Signs Of The Times: The City's Historic Committee Hard At Work

Signs Of The Times: The City's Historic Committee Hard At Work
Posted on 05/01/2015
Mike PetersonBy Mike Peterson - City Council Member
The Historic Committee of our city is currently made up of nine dedicated members. Each month, they meet to gather and preserve information in order to provide future generations evidence and understanding of our city’s cultural foundation. Each generation must do its part to preserve and protect the local history.

The Historic Committee has been very busy over the last few years, developing and installing 15 historic markers along the Big Cottonwood Canyon Trail. The committee has also been present at each Butlerville Days to share photos of our city’s historic past, and presented an historic photo display at our City’s 10th Anniversary Celebration, drafting historic narratives of individual communities within our city, and much more.  Most recently, the Committee has developed signage that has been posted around our city identifying significantly important historic areas.

In 1847, when the pioneers first arrived in the Salt Lake Valley, control of the land in this area belonged to Mexico.  It wasn’t until February 2, 1848 that the Treaty of Guadalupe Hidalgo was signed, officially transferring much of the land in the southwest to the United States. This treaty ended the U.S. - Mexican war and is the oldest treaty still enforced between the United States and Mexico.  As a result of this treaty, the United States acquired more than 500,000 square miles of territory, including the land in Utah. 

On September 9, 1850, the same day that the State of California was admitted to the union, the Utah Territory was established by the United States Congress. Shortly after, the United States Government surveyed the area into one- square-mile sections.

Interestingly enough, it wasn’t until an agreement was signed with the Native Americans in 1867 that the Federal Government finally had clear title to the land.  In 1869, the Federal Government began issuing Homestead Grants of up to 160 acres to qualifying residents living in the Utah Territory.

This was a very important time for our State and the area of our city.  When the pioneers first arrived in the Salt Lake Valley, they settled in areas where soil was fertile and some water available. It wasn’t until the Homestead Grants became available that people chose to settle permanently within the boundaries of our city.  The areas known as Butler Bench, Poverty Flats and Danish Town were settled by those who had received these Homestead Grants.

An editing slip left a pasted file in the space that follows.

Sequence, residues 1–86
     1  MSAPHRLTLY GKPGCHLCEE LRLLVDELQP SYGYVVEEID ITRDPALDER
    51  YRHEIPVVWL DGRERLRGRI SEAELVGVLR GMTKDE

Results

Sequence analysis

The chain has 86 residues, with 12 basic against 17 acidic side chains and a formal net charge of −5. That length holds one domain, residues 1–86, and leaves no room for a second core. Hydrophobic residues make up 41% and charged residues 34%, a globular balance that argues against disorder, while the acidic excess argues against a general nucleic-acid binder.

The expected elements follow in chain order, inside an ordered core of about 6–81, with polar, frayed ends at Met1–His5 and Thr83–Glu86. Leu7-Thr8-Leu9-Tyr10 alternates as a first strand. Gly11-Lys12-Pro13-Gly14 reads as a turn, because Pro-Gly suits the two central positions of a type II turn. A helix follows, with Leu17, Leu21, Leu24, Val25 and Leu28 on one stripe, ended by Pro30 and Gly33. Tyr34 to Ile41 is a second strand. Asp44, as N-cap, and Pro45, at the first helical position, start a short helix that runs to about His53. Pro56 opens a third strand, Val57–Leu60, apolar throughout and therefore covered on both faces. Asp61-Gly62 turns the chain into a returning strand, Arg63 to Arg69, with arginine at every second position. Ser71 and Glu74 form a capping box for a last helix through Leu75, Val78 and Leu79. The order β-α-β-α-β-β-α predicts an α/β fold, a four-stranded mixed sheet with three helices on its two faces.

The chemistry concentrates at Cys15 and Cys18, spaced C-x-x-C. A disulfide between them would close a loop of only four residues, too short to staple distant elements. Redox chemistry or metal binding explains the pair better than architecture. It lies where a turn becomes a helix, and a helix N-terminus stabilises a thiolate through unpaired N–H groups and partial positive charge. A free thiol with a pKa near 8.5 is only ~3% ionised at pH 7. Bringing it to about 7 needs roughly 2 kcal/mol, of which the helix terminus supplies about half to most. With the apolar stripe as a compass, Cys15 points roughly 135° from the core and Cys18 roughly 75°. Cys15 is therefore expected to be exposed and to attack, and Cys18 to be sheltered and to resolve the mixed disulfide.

The Butler Bench area, which was the high area south of the Big Cottonwood Canyon Creek from the mouth of Big Cottonwood Canyon and west to the top of the hill at about 2700 East, is literally a geological bench on which part of our city was located.  By 1870, there were seven families with homesteads located on the Butler Bench. Besides farming, many of these families worked in and/or provided support services to the lumber and mining services.  They were the families of William S Covert, William McGhie, William C. Ritter, Philander Butler, Leander Butler, Neri Butler and James Maxfield. All three of the Butler brothers worked in the lumber business. Philander Butler also built a brewery and a hotel along Big Cottonwood Canyon Road. William McGhie provided stables and corrals for teamsters to rest their animals. William Ritter was a miner. He was killed January 26, 1875, along with five other miners when a snow slide came off the mountain above the Richmond Mine in Big Cottonwood Canyon, just as a group of eight miners and teams came out of the mine entrance hauling ore on skids. One miner was able to dig himself out and help another get free, but they were not able to rescue the other six miners. William Ritter is buried in a miner’s cemetery in Silver Fork.  His wife, Jeanette, with the help of their children, continued to run the farm on the Butler Bench. 

Other historic areas with signage or proposed signage are Colebrook Corner and Danish Town which have equally interesting histories.

In addition to these general areas of historic significance, there is Butler Hill, Brown’s/Colebrook’s Hill, Will Dyer’s Road and Union Fort Road. For decades, settlers living on the benches of Butler, Danish Town, and the area in between the two communities, there were just three main routes to reach their farms from the Valley.
We now have signage around our city tastefully identifying most of these locations.  If you would like to read in more detail the brief history behind each of these historic information signs, please check out the city’s website at on the Historic Committee page.  Thanks to the members of the Historic Committee for their many hours of service to document and preserve the history of our city for future generations.

If you see one of the members of the Historic Committee  please give them a pat on the back for a job well done!

Our Historic Committee:
Chair: Tom Shimizu
Vice Chair: Gayle Conger
Members: Don Antczak, Jerri Harwell, Melinda Horton, Beverly Lund, Sylvia Orton, Dean Smart, and Carol Woodside